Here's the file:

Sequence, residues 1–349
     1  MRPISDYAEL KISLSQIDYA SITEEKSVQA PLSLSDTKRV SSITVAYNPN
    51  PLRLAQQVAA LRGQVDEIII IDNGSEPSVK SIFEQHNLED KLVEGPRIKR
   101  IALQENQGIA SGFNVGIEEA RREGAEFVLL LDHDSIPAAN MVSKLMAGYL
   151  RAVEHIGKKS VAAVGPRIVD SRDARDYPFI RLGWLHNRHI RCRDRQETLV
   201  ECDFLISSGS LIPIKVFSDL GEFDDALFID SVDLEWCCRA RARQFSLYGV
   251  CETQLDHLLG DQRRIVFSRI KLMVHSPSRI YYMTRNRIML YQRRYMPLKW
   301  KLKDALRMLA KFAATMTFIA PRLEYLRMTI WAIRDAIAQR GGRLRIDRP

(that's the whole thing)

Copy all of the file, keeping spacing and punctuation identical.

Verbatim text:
Sequence, residues 1–349
     1  MRPISDYAEL KISLSQIDYA SITEEKSVQA PLSLSDTKRV SSITVAYNPN
    51  PLRLAQQVAA LRGQVDEIII IDNGSEPSVK SIFEQHNLED KLVEGPRIKR
   101  IALQENQGIA SGFNVGIEEA RREGAEFVLL LDHDSIPAAN MVSKLMAGYL
   151  RAVEHIGKKS VAAVGPRIVD SRDARDYPFI RLGWLHNRHI RCRDRQETLV
   201  ECDFLISSGS LIPIKVFSDL GEFDDALFID SVDLEWCCRA RARQFSLYGV
   251  CETQLDHLLG DQRRIVFSRI KLMVHSPSRI YYMTRNRIML YQRRYMPLKW
   301  KLKDALRMLA KFAATMTFIA PRLEYLRMTI WAIRDAIAQR GGRLRIDRP